Lastly, we’re forgetting their most basic purpose – to encourage other customers to buy. Although talking yourself about how great your products or services are can work, but no one can sell them as well as a happy customer. They are also a great source of genuine feedback for you to feed into your business’ development.

Make sure you engage with customers here as online reviews are another touch point where you can make a personal connection with them, especially those that may not have been so complimentary.

Tip: Always respond promptly and professionally to negative reviews, and invite the reviewer to contact you to chat about it. Use Google’s red flags too when necessary – these flag highly inappropriate content such as reviews with heavy swearing, racism or other unacceptable comments.

So, what could make more sense than using the efforts you’re already making in product development, customer service and marketing to your advantage? There are so many review websites, from the giants like TripAdvisor, Yelp and online retailers such as Amazon, to smaller industry specific review websites such as DentistFinder.net (as an example!).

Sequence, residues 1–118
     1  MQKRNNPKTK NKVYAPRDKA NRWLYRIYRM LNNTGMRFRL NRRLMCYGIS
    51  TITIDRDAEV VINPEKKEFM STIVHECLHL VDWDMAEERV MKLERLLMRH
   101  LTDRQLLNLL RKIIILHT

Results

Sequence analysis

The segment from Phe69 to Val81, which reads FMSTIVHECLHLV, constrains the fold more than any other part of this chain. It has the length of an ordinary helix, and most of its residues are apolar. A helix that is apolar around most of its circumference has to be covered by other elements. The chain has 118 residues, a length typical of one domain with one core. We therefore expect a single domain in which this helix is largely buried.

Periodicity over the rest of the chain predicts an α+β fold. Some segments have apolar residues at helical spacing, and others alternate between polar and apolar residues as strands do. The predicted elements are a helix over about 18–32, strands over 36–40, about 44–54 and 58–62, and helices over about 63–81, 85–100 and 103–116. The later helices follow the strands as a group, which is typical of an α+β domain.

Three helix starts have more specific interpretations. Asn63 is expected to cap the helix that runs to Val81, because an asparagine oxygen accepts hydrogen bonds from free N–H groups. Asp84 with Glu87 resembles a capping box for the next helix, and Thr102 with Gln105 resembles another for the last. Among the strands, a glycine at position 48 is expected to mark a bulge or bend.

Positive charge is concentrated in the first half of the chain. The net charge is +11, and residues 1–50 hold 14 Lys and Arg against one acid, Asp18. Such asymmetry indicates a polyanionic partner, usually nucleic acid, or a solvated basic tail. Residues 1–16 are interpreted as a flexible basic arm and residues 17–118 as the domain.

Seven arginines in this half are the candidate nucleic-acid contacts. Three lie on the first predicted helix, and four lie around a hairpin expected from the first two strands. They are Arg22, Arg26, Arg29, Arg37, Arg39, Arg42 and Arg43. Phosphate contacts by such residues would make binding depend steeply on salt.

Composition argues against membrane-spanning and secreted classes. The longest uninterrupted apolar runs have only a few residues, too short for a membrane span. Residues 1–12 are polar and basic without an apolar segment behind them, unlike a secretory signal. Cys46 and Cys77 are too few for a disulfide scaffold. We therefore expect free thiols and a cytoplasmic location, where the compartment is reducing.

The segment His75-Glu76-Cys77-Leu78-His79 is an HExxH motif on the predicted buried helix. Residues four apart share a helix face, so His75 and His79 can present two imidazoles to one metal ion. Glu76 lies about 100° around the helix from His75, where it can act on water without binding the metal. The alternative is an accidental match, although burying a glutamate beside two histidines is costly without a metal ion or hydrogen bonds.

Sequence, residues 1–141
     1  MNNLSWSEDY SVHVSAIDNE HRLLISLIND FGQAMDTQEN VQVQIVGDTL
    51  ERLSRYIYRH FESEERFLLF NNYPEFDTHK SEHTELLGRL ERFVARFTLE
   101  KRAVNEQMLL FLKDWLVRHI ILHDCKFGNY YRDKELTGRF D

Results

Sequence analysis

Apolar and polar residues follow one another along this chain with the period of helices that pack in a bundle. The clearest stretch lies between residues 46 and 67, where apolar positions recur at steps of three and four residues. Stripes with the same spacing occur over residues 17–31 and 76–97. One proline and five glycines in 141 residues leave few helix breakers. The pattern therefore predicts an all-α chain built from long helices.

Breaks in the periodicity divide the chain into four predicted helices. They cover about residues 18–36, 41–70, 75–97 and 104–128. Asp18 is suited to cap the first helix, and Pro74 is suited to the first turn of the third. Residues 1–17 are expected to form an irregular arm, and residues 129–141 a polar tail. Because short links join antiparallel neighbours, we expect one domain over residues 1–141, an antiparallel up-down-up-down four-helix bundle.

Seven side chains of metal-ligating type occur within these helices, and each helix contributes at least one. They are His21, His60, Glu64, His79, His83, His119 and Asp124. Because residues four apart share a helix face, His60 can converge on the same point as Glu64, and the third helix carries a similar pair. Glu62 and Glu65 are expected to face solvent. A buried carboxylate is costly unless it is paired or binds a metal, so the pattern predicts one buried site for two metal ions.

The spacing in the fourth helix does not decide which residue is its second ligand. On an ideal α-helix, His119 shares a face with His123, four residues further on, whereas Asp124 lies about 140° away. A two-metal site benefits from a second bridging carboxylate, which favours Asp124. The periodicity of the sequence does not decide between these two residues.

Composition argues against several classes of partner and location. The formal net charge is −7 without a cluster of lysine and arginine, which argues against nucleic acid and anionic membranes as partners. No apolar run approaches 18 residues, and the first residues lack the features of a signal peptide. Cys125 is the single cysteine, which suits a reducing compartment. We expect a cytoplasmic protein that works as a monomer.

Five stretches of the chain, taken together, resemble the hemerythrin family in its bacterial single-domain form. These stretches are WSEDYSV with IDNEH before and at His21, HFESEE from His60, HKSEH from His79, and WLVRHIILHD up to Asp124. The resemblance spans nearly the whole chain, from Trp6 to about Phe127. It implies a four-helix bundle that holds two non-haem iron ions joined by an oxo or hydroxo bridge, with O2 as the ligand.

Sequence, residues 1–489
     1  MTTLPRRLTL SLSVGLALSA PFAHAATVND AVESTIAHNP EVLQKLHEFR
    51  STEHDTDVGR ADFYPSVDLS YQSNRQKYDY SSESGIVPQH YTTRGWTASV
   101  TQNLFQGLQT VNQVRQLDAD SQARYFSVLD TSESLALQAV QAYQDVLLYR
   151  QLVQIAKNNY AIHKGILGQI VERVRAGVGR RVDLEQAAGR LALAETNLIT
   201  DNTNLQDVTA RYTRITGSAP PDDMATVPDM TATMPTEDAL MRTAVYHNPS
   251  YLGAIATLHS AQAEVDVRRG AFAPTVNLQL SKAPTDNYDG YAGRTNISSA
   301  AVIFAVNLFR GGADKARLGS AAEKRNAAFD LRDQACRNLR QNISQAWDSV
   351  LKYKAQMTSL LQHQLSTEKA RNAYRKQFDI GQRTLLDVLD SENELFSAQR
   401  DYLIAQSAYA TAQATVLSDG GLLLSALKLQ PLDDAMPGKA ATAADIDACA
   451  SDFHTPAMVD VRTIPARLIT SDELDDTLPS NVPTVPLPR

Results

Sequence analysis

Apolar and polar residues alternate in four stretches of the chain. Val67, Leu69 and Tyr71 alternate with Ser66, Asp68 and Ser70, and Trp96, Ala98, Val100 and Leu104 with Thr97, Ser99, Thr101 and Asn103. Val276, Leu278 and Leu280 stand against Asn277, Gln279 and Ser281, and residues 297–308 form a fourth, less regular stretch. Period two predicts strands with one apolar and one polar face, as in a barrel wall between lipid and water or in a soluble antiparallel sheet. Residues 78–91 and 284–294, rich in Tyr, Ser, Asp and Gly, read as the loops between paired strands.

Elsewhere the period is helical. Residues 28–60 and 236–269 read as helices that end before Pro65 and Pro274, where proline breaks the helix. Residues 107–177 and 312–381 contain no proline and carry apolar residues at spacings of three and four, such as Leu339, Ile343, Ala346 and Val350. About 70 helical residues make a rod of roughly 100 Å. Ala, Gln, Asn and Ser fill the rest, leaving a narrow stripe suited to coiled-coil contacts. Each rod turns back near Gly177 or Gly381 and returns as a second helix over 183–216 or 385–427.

Reviews can be one of the simplest ways to boost your marketing and SEO strategies, with little to no knowledge necessary. Set yourself the goal of achieving a realistic number of online reviews each month, and you could see your search engine listings, rankings and sales all improving in the coming months.

The Changing Face of PR

Alice Bramall, Senior PR Account Manager gives us her take on how PR has evolved and what companies need to consider if they want to keep up.

In 1984, Apple’s Super Bowl television ad caught imagination like few others. It saw a girl in red running shorts and t-shirt sprinting towards a cinema screen, where a grim face spouted totalitarian ideology at ranks of downtrodden grey figures.